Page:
||Lament over the passing of R. Rozin (Rosen) and announcing that there will be eulogies on Thursday, 18b Adar 636 (March 12, 1936) at 5:00 P.M. at Yeshivat Me’ah She’arim. The broadsheet is bears the names of leading contemporary rabbis, among them R. Zevi Pesah Frank, (1873–1960), R. Isser Zalman Meltzer (1870–1953), and R. Jacob Moses Harlap (1883–1951).
R. Joseph Rozin (Rosen), (1858–1936), Polish talmudic genius, called “the Rogachover” after his birthplace (Rogachov). His erudition and profundity were phenomenal. It is said that when he was eight years old, the local scholars felt incompetent to teach him, for he knew the whole of the talmudic order of Nezikin with its commentaries. When he was 13, his father took him to Slutsk where R. J. B. Soloveichik taught him together with his own son Hayyim. From there he went to Shklov, where he frequented the court of the hasidic rabbi of Kapost, of Habad. He spent the next eight years studying in Warsaw. In 1889 he was appointed rabbi of the hasidic community of Dvinsk. During World War I, as the German army drew near, he fled to St. Petersburg [later Leningrad], where he remained as rabbi of the hasidic community for ten years, thereafter returning to Dvinsk.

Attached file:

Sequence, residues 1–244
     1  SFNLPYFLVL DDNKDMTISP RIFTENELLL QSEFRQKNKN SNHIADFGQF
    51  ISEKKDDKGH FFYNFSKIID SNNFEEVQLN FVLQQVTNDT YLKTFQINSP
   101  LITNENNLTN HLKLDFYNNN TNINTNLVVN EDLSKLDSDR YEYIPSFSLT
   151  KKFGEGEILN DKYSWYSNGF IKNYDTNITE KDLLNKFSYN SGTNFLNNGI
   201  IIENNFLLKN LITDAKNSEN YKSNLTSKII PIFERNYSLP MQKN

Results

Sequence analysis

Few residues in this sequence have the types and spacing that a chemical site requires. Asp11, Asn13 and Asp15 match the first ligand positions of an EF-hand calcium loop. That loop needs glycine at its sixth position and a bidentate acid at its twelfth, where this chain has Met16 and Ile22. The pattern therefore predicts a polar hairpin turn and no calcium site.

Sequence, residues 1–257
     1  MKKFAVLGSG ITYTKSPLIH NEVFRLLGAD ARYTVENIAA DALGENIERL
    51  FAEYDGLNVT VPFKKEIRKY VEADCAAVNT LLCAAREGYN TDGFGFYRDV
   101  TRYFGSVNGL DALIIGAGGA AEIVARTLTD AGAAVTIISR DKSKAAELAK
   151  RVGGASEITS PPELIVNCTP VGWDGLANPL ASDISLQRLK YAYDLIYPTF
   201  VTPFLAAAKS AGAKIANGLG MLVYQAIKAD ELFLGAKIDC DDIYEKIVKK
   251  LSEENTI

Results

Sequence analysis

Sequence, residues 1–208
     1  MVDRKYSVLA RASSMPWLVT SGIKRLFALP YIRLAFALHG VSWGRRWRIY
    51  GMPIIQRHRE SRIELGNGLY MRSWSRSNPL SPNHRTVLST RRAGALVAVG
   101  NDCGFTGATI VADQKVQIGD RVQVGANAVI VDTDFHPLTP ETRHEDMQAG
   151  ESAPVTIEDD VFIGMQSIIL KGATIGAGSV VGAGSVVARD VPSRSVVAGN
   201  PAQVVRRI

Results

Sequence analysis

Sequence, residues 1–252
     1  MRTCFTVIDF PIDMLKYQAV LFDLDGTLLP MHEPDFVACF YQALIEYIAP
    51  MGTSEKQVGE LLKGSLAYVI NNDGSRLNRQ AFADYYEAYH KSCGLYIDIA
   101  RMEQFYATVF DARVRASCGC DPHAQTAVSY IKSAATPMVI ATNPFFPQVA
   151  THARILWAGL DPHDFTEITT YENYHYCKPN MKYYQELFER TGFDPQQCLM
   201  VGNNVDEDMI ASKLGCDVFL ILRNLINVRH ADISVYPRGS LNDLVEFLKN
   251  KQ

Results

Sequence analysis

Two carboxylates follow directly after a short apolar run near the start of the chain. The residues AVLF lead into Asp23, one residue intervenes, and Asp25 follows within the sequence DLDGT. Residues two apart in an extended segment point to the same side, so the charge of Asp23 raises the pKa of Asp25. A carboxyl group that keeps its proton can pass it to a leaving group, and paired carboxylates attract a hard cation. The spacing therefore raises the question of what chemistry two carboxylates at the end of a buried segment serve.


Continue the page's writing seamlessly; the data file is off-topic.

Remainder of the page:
R. Rozin possessed a phenomenal encyclopedic knowledge and great powers of industry. He knew the Babylonian and the Jerusalem Talmuds, all the tannaitic and amoraic literature, and most early books without needing to consult them. He visited Rogachov annually on the anniversary of his father’s death, on one occasion remarking that he had studied half of the Talmud during his journey there and would complete it on the return journey. He was a prolific correspondent and encouraged correspondents to send him their problems. He answered without any effort all who wrote to him on any topic, and thousands of his letters are extant. His ability to find sources in the Talmud was extraordinary. When he found a source for a custom in the Talmud he practiced it, but not otherwise. He traced to the Talmud the philosophical ideas of Maimonides and the latest discoveries of science. Because of this, great scientists enjoyed conversing with him. His remarkable knowledge of philosophy and science is revealed in his commentary on the Pentateuch. He possessed a keen critical sense and when what purported to be the lost text of the Jerusalem Talmud on Kodashim appeared, his insight recognized it for the forgery it proved to be. Though one of the greatest scholars of any age, he was essentially a humble man; courteous, striving to see things from the other man’s point of view.